Of course, musical influences are a big one. Music doesn’t necessarily rise from nothing every single time. It doesn’t have to either. Listen to the music you truly love and hold dear in your heart.
Give back by embracing your influences and make tributes to them through your own music.
Seasons & Weather
Weather has a psychological effect in me. I don’t know why, but I tend to write better music when it’s raining. I think there is some kind of calmness surrounding it. Some kind of ethereal state.
Different seasons easily dictate the direction of the music, too. Winters are usually quite depressing compared to the energetic spring time or the warm, mellow summers.
Fall is a special time of the year due to the nature getting ready for the cold winter – perhaps a time for us musicians too for finishing as many tunes as possible before the dark times.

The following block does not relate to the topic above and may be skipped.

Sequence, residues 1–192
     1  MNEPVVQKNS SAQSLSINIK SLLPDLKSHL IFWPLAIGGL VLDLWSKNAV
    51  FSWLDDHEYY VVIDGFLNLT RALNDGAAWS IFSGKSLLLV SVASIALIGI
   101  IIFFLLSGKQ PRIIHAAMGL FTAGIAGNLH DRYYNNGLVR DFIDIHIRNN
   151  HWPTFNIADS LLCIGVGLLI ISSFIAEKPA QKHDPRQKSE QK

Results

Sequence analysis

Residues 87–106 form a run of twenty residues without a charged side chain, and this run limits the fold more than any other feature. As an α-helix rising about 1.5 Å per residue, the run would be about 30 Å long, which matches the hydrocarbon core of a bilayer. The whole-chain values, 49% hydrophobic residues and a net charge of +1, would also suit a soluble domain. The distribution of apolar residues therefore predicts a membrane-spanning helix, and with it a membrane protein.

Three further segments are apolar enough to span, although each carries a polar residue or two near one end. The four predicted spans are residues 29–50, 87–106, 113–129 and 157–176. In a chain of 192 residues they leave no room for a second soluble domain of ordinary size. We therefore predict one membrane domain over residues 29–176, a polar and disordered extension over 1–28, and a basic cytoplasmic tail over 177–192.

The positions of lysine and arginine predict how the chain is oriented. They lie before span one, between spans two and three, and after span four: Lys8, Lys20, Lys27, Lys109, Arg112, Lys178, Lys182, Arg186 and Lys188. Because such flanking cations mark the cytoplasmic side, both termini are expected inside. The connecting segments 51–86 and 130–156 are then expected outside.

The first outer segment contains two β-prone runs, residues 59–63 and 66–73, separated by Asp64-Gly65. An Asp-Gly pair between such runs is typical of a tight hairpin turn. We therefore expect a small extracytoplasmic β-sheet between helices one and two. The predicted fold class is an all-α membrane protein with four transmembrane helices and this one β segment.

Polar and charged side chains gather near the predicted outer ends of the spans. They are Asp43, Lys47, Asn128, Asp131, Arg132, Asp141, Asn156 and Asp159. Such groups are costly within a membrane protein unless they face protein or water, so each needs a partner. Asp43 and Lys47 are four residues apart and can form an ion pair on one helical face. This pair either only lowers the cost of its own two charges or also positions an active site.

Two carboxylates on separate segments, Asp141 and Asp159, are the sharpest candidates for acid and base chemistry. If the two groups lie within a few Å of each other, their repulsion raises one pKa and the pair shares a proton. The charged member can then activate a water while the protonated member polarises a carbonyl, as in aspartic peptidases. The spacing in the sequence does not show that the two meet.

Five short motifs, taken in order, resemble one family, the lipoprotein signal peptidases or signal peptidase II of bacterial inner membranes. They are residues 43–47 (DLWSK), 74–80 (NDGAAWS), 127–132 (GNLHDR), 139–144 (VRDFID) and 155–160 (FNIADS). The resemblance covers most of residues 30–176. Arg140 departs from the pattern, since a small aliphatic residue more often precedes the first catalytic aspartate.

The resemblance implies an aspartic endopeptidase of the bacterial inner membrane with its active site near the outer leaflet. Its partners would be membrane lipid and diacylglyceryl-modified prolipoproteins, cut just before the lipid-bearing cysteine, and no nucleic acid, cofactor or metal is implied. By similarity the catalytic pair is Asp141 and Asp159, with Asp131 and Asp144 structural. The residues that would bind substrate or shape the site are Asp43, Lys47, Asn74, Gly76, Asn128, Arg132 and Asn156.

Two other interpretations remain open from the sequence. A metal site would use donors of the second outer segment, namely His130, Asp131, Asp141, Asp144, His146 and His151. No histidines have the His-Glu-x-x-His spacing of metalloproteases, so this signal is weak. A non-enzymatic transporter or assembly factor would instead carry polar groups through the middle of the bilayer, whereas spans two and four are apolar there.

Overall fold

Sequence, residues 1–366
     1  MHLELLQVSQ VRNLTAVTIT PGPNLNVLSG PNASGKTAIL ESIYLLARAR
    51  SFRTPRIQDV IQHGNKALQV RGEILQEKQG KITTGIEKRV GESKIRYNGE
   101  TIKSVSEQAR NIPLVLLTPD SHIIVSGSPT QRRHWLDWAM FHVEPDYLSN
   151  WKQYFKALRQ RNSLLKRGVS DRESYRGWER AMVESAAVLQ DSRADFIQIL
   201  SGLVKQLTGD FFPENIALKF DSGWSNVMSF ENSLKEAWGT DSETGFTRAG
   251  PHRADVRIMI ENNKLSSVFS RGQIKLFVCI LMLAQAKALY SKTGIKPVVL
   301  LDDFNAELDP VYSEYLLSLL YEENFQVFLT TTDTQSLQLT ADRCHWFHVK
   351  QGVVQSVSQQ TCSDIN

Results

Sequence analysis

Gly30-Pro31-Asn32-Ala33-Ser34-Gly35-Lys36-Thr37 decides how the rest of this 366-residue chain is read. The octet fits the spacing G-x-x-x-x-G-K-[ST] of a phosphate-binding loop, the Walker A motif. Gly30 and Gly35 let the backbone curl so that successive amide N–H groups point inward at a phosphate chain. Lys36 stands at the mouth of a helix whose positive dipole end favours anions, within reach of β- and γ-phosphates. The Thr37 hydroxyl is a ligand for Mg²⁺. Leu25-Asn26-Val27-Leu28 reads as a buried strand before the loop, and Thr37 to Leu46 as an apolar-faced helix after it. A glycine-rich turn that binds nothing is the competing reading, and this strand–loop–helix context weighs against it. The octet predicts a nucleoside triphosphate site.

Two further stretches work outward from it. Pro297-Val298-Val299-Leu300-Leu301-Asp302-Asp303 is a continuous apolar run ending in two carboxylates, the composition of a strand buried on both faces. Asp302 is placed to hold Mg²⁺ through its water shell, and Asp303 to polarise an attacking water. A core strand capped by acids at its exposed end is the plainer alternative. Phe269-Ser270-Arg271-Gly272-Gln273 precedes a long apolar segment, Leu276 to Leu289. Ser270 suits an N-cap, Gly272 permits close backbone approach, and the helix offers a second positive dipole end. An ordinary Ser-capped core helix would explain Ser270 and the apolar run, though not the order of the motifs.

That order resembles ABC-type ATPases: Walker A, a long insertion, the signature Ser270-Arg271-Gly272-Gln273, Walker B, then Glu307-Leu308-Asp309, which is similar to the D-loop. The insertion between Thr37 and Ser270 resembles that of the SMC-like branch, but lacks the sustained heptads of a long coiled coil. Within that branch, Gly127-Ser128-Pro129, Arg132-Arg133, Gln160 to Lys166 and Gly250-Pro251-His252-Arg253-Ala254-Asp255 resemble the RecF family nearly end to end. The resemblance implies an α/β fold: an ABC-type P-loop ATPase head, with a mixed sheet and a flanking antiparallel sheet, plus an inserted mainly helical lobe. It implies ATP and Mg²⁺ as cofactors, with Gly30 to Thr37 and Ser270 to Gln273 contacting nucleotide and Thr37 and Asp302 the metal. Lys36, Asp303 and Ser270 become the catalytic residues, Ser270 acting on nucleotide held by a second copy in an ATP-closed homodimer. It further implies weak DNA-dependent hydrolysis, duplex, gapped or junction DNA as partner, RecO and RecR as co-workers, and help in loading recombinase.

Whenever you begin to slip into the “dark side” of songwriting, starting to copy someone else instead of taking influence or wanting to create a hit sing song with only money in your eyes, stop right there.
You need to stay true to yourself and listen to your inner self. Music will come from you. It will be your music and you can be proud of it. No one else will ever write the song you write!
Don’t stress songwriting. If it is meant to happen, it will happen naturally. Good, honest music is the only kind of music that will endure the times and be remembered. The rest will just fade away because they might offer only momentary value.
So, what to write a song about then? Only you will know the answer!
Remember, songwriting is not only about people, cities and memorable places, but of more abstract matters equally as much. It could be literally anything you hold dear and what influences you.
I hope you now have a better, fresh view into writing songs. Be inspired, stay inspired and learn to control your emotions by routing them in your music.
For another perspective, have a look at Gary Ewer’s Beating Songwriter’s Block book, which includes songwriting workouts, what makes a successful song, creating melodies, lyrics and more.
If you have any questions or comments, feel free to leave them below and I’ll be more than happy to get back to you.